The king celebrates his victory. Giustino arrives with Vitaliano as a prisoner of war and climbs even higher in rank. Amanzio is consumed with envy. He plants the seeds of suspicion in the king’s mind, claiming that Giustino plots to usurp throne and queen. The tormented king tries to suppress these new-planted doubts and seeks the advice of a fortune teller. The card he picks is the omen of death which only increases his paranoia. When the queen innocently asks which rewards the king has planned for Giustino’s heroic deeds, the king finds even more reason to be jealous. He adorns her with Vitaliano’s royal jewels and urges her to be faithful to him. Once again, the queen is left alone to ponder Cupid’s strange ways.

Meanwhile, the disguised Andronico can’t restrain himself any further. He unmasks, revealing his true gender and confesses his intentions to Leocasta who is both upset and impressed. Once again, Giustino enters to rescue Leocasta. He arrests Andronico and sends him to the dungeon. Leocasta is smitten with Giustino. They confess their mutual love to each other. When Giustino is left alone, his lust for power and glory grows.

Determined to climb even higher through the ranks, Giustino courts the lonely queen. As a reward for his courageous deeds, she adorns him with the ornament she received from her husband. Amanzio witnesses the scene and calls for the king. Giustino is condemned as a traitor and the queen humiliated. As Giustino bids farewell to Leocasta on his way to prison, she decides to save him.

Amanzio makes one last attempt to conquer Leocasta but is brutally dismissed. Drunk and becoming more and more delusional, Amanzio hopes to have himself crowned emperor. Meanwhile, Vitaliano and his brother Andronico escape from prison. On their way, they find the imprisoned Giustino sleeping and are just about to kill him, when the ghost appears again and reveals to them that he is in fact their long-lost brother.

Giustino persuades his newfound brothers to wreak revenge on the treacherous Amanzio and prove to the king that he was in fact slandered unjustly.

As the drunk and crazy Amanzio slips into the role of emperor, he is arrested by Giustino and his brothers. Giustino begs the king to forgive his brothers Vitaliano and Andronico. Upon hearing that Giustino is of noble blood, the king concedes and forgives his former enemies.

The king and queen are reconciled and a celebratory masked ball is arranged. Opera seria always calls for a lieto fine (happy ending). Indeed, everything seems to have worked out perfectly for everyone! Or has it?


Gustav and Giustino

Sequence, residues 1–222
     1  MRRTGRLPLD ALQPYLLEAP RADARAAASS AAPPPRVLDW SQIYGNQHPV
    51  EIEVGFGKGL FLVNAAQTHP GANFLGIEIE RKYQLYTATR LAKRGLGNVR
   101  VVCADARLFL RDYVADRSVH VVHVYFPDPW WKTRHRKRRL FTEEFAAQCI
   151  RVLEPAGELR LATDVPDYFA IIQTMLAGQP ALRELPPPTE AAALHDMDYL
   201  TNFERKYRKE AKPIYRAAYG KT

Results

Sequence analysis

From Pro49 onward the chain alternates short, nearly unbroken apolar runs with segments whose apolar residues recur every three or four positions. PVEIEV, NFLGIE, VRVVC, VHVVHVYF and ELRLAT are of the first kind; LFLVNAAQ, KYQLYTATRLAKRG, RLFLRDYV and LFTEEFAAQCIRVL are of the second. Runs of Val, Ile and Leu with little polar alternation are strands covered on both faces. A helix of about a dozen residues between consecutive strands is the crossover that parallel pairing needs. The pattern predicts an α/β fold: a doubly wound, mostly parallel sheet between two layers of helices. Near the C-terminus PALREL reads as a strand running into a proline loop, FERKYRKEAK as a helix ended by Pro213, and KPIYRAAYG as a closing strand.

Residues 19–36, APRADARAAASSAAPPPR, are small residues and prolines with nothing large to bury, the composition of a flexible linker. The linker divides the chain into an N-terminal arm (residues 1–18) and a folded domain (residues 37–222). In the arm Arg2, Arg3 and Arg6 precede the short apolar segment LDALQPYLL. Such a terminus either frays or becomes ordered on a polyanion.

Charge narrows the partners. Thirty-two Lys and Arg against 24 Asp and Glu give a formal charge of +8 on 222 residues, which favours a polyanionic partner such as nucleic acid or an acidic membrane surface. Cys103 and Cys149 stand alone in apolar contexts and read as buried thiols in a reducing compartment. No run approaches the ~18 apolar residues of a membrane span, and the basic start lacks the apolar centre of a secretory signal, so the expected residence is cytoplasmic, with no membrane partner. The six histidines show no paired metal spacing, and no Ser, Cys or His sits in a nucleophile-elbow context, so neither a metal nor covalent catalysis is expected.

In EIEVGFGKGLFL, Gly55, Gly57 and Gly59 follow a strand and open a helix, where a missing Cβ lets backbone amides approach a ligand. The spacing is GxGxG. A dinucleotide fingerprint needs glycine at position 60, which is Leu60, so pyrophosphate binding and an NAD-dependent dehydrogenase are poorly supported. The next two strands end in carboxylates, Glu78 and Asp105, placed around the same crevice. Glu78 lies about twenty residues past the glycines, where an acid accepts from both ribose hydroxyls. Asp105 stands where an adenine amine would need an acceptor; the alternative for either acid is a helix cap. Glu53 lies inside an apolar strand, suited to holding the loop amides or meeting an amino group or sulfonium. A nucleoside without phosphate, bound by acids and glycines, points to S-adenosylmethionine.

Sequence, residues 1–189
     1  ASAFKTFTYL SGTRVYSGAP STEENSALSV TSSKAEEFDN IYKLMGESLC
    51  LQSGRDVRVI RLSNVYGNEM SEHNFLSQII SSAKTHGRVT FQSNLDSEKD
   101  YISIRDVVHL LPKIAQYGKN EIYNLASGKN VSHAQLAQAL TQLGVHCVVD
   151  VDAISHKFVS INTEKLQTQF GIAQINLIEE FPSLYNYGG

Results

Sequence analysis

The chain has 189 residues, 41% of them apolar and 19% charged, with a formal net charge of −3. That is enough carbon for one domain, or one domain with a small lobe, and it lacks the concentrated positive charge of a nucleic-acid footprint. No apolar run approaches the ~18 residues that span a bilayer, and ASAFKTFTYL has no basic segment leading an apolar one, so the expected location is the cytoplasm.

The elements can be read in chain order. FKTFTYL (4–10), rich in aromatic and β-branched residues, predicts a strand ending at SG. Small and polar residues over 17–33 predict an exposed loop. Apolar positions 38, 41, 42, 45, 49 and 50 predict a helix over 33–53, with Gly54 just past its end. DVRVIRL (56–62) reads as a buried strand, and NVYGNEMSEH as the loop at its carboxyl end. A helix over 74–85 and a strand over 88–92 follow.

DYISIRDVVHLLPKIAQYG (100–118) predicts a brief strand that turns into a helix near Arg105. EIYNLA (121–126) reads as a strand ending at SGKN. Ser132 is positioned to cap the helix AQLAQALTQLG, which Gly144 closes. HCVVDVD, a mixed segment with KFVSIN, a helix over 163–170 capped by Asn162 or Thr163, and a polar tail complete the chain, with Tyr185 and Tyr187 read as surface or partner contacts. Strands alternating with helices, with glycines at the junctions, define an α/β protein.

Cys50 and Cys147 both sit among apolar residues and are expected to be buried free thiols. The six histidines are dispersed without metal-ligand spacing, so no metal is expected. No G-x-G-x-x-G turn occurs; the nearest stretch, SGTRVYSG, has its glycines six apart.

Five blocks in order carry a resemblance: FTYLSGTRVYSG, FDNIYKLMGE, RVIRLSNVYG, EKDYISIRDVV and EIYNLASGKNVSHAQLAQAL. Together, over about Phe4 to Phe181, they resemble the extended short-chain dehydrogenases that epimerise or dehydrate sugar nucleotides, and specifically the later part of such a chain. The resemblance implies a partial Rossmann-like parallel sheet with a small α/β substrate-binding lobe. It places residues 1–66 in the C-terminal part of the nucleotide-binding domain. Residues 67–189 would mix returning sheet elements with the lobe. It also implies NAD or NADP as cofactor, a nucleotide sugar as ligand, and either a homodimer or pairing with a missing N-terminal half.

by George Petrou, conductor and director

When I arrived at Drottningholms Slottsteater for the first time, I felt the history of the place overpowering me. The glory of the past is evident in every corner of this theatre. And above all, the spirit of King Gustav III, the ‘Theatre King’ as he is known in Sweden, is still omnipresent.

For King Gustav, the theatre at Drottningholm was a living space, where he would socialise, enjoy meals, accept diplomatic visitors, gossip about the political and social life of the world, but also attend rehearsals, decide on the repertoire, recite plays and get generally involved in what seemed to be the greatest love of his life: theatre and the arts.

Inspired by the sparkling personality of Gustav III, we ventured to put the action of our Giustino in Gustavian times and allow the Drottningholm theatre come alive again as a companion to the King’s everyday life.

Giustino, a peasant in the original libretto, becomes a lowly theatre servant who eventually attracts the attention of the King and rises to the highest ranks of the court officials. All 18th century Court elements are there: ambition, intrigue, vanity, love, sex, politics and lots of rococo lightness and humour, placed in this unique theatre-building which, as if possessing its own intelligence, works its magic in the lives of people. 

We drew inspiration from certain historical facts around King Gustav III’s life and times: the relationship of the King with his wife, Queen Sofia Magdalena, the King’s ‘theatricality’ in his everyday life, his activities as play-writer and librettist, his seeking for advice form a fortune-teller in order to comfort his insecurities, and finally his tragic assassination. Through all this, we created an adventurous Baroque fantasy, in a fictional 18th c. court, allowing the Drottningholm theatre to be the real protagonist of the show. We turned the goddess Fortune of Beregan’s original libretto into the ‘theatre ghost’. Queen Lovisa Ulrika, the King’s mother and creator of the Drottningholm theatre, is the inspiration behind our ghost: a motherly figure but also very sharp in her relationship with her son and his wife. The ghost is watching over the theatre and the actions of our heroes, influencing in a surreal way the course of events.

The Drottningholm theatre offers a huge amount of different sets and a unique and very complex stage machinery. But the theatre auditorium itself forms a striking set in itself, being evidently present through the course of the performance. This cannot be ignored and it is indeed a great challenge to choose among those hand painted set elements of extreme beauty and creatively combine them, in order to evoke a magical atmosphere, underlining the storytelling in the best possible way. We aimed to recreate a theatre-within-theatre ambience, seeing the stage both as a meeting place, in a less glamorous state, (with stage works in action) as well as a Baroque performance venue, complete with candlelight effect lighting (Stella Kaltsou). The Gustavian inspired costumes by Paris Mexis aim to blend with the 18th century ambience of the sets, while under-lining the specific individualities of each character.